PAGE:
I’m talking about mushrooms (aka “magic mushrooms”) containing psychoactive compounds, that people often ingest for recreational purposes. And so, y’know, over the years as people have regaled me with their shroom-tripping experiences, it’s always something along the lines of “I thought all of the birds were going to attack me!” or “I saw mud people growing out of my living room carpet!”
A) This doesn’t sound fun to me in any way, and B) based on this, I’d assumed that shrooms make people’s brains way too overactive, for them to be experiencing things above and beyond reality.
But, new research says I was wrong about shrooms. Let’s discuss.
From what I previously understood, people would ingest mushrooms, and if they were in a negative state of mind, they’d have a “bad trip.” If they were with friends, with other people tripping, they were more likely to have a “good trip.” Aspects of these trips seemed to include lots of visual and auditory hallucinations: “halos” glowing around light sources, warping colors, maybe some synesthesia.
So I just figured that magic mushrooms must hyper-activate the parts of the brain that perceive color and sound, to the point where people perceive things that aren’t even there.
However, recent research out of the U.K. says that, surprisingly, I’ve got it all backwards. Scientists at the University of Bristol took 30 people and injected them directly with either a saltwater placebo or two milligrams of psilocybin, the psychoactive compound in shrooms. I want to make an aside here: the paper says that “All subjects had previous experience with a hallucinogenic drug but not within 6 wk of the study.” Okay cool, so here’s what I’m imagining:
Within a minute or two, the test subjects started to feel the effects of the psilocybin, and the researchers gave them fMRIs during their trips. Surprisingly to me, and to the scientists, brain activity and blood flow decreased by up to 20% during the influence of the drug, and these decreases were proportional to the reported intensity of the trip! The specific parts of the brain that experienced the suppressed activity and blood flow included the thalamus, the medial prefontal cortex, and the anterior cingulate cortex.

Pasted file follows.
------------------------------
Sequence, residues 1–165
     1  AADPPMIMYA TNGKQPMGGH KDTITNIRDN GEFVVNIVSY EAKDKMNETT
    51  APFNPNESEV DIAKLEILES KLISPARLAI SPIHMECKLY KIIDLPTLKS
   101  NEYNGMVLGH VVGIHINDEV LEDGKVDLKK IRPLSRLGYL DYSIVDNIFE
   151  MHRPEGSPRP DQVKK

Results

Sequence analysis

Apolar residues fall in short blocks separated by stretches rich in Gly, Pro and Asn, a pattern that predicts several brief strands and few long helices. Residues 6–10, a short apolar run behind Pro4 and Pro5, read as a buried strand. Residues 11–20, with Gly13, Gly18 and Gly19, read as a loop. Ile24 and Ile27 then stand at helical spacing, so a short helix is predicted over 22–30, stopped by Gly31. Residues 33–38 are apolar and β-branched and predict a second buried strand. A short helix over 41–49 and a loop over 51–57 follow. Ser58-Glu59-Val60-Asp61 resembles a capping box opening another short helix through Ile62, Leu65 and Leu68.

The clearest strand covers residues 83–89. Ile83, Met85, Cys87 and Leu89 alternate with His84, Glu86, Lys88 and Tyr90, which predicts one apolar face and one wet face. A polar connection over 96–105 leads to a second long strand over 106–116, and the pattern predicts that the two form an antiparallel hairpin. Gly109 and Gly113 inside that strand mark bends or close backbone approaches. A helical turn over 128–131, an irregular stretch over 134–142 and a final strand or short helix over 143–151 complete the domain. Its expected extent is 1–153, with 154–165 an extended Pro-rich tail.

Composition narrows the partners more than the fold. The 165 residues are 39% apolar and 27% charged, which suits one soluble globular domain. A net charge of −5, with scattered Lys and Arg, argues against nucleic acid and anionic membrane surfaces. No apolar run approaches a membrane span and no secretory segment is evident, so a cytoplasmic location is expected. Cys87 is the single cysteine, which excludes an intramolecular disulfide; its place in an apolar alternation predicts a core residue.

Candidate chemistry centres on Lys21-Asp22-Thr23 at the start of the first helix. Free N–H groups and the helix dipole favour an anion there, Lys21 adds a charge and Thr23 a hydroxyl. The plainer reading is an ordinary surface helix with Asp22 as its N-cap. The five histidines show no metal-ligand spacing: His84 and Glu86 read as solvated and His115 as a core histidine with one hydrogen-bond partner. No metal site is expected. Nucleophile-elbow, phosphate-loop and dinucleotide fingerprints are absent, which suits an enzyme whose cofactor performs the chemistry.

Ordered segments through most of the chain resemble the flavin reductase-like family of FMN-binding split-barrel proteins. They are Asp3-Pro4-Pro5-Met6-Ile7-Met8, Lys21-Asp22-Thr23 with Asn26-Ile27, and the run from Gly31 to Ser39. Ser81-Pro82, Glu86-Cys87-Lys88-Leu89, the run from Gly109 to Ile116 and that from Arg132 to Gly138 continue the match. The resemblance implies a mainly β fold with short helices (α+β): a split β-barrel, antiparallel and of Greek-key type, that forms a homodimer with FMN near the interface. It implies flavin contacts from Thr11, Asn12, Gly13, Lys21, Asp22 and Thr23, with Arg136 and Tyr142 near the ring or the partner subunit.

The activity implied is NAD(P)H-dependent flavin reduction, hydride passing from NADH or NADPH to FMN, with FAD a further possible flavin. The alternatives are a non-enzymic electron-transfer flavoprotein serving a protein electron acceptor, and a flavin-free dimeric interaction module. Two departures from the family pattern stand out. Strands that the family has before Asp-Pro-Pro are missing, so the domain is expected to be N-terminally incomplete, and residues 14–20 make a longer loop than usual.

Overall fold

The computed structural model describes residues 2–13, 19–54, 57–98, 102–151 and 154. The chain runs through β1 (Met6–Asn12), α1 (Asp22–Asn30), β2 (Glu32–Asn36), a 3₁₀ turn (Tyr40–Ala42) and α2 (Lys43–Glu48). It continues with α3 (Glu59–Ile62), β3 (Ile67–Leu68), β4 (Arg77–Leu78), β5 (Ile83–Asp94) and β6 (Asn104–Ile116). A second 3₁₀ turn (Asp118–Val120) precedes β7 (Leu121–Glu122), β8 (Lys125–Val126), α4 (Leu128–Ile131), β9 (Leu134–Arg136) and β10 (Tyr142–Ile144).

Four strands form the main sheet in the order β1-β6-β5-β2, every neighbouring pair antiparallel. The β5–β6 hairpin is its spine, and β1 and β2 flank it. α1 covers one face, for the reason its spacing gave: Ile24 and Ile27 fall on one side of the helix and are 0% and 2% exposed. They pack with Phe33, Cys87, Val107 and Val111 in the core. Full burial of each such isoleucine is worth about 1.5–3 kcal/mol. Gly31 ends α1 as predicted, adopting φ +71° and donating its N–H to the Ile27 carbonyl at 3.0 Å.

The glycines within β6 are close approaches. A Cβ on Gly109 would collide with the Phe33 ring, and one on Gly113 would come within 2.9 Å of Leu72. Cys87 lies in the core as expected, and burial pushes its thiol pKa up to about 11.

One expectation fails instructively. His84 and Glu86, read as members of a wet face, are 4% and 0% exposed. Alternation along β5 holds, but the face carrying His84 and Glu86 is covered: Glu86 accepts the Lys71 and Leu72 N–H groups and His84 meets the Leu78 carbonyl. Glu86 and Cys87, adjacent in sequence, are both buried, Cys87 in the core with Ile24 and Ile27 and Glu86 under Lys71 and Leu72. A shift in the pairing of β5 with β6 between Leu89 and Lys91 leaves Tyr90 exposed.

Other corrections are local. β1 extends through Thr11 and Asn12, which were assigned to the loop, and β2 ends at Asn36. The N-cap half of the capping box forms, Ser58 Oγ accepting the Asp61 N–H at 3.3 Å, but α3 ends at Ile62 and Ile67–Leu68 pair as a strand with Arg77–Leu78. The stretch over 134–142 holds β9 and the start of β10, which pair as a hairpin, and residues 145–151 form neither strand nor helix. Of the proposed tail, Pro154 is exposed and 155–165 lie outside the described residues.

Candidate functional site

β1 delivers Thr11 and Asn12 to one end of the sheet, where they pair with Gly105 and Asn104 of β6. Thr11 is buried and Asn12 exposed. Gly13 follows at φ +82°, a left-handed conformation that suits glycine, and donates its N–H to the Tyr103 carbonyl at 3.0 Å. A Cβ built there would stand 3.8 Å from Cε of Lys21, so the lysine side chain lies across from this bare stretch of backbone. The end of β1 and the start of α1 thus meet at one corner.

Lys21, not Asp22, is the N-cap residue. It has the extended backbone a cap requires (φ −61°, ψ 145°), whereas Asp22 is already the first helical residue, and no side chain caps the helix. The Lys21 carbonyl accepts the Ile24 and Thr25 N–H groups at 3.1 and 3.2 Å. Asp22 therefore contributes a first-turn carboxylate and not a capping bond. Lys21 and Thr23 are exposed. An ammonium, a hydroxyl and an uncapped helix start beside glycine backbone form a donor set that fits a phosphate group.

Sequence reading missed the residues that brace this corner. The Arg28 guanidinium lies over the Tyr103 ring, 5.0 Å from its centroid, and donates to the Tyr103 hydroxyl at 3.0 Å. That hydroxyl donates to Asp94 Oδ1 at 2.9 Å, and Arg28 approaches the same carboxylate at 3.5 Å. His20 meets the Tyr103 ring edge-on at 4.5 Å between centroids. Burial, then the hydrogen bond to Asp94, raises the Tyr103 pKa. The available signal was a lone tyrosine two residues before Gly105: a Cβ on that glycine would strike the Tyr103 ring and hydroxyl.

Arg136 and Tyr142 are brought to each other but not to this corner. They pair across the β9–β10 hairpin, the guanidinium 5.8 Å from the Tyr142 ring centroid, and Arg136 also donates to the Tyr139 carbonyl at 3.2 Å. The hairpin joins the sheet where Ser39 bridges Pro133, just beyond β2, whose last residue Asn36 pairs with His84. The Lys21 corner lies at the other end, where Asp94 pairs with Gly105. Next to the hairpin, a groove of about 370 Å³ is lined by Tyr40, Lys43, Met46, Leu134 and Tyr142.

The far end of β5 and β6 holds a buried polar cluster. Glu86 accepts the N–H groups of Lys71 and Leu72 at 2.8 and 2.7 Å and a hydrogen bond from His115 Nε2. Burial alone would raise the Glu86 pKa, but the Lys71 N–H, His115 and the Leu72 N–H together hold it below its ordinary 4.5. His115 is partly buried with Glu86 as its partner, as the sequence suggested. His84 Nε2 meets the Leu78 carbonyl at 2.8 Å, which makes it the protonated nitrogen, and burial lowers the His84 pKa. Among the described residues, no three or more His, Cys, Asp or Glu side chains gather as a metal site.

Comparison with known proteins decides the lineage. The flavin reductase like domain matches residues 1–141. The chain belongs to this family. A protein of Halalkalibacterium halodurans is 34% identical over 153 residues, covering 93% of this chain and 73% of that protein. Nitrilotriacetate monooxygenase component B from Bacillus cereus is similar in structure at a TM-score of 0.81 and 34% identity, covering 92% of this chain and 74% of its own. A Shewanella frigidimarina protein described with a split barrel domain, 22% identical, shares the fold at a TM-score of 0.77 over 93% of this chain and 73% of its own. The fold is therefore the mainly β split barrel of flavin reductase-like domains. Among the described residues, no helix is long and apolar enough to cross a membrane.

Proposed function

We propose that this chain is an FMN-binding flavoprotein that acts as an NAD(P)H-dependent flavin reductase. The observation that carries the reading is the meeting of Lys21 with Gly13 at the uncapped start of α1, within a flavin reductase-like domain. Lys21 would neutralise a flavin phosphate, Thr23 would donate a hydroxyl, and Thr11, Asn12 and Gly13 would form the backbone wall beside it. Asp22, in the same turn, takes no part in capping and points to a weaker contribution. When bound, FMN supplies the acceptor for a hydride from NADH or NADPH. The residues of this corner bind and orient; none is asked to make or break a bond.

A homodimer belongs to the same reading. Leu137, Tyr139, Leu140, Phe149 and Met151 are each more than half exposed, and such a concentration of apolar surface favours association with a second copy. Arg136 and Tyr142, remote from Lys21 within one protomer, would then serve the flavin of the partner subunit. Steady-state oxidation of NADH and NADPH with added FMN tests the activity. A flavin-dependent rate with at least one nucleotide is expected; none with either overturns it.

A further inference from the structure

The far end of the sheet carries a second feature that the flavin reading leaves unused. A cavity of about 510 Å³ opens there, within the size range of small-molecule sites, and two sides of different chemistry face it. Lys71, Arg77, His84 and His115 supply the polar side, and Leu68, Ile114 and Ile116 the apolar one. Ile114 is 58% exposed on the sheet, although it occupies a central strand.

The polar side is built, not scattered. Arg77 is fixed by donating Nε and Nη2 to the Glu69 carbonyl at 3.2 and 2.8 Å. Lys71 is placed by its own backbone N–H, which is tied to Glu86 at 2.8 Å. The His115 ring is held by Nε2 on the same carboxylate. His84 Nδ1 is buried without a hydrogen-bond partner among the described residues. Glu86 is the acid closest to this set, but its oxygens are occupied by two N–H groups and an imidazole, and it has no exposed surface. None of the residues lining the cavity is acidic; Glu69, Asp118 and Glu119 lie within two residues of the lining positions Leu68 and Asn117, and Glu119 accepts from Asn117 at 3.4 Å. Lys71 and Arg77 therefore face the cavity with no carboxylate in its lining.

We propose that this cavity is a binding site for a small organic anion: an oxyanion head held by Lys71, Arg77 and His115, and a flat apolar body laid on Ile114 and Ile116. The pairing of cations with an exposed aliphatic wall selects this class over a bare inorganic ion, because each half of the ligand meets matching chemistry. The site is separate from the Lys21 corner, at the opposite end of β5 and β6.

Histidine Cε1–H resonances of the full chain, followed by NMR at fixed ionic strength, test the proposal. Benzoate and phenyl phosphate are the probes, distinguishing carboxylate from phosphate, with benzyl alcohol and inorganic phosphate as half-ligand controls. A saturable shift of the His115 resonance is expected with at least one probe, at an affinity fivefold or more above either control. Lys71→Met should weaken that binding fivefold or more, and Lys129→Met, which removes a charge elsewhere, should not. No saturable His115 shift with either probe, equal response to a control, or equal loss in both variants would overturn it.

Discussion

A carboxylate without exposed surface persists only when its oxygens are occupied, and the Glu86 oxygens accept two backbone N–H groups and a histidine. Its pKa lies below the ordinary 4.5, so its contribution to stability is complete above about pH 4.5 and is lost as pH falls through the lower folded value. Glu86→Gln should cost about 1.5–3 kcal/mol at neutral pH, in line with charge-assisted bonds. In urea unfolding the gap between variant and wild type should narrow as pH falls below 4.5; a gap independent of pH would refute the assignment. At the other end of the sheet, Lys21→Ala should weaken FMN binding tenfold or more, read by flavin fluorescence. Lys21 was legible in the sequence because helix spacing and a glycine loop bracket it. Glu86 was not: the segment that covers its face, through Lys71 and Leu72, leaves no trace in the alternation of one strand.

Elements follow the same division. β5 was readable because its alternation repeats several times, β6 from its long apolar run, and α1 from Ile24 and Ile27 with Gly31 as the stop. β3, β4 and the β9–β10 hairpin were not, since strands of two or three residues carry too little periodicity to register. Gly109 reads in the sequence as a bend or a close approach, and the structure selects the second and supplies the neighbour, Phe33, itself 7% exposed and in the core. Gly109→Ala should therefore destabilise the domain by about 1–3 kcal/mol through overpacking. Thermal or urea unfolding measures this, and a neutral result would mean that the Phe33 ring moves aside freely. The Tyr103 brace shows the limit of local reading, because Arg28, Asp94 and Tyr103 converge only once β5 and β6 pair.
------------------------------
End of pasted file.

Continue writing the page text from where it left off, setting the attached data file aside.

The thought behind this finding is that when people do shrooms, pathways in the brain that would normally restrict cognition are temporarily turned off, allowing people to cognate at higher levels than ever before. Some of these same cognition-restraining pathways are overactive in cases of depression, but I won’t go so far as to suggest shrooms as a treatment for depressive disorders!
In any case, I won’t discourage any research group from trying to find therapeutic value in naturally-occurring psychoactive drugs like psilocybin. In the U.K., at least, mushrooms even rank in as the least harmful drug by some measures:
The brain is already fascinating, and studies like this make it clear that there is a ton of work left to be done in the neuroscience field. The brain is constantly surprising us.
Carhart-Harris RL, Erritzoe D, Williams T, Stone JM, Reed LJ, Colasanti A, Tyacke RJ, Leech R, Malizia AL, Murphy K, Hobden P, Evans J, Feilding A, Wise RG, & Nutt DJ (2012). Neural correlates of the psychedelic state as determined by fMRI studies with psilocybin. Proceedings of the National Academy of Sciences of the United States of America, 109 (6), 2138-43 PMID: 22308440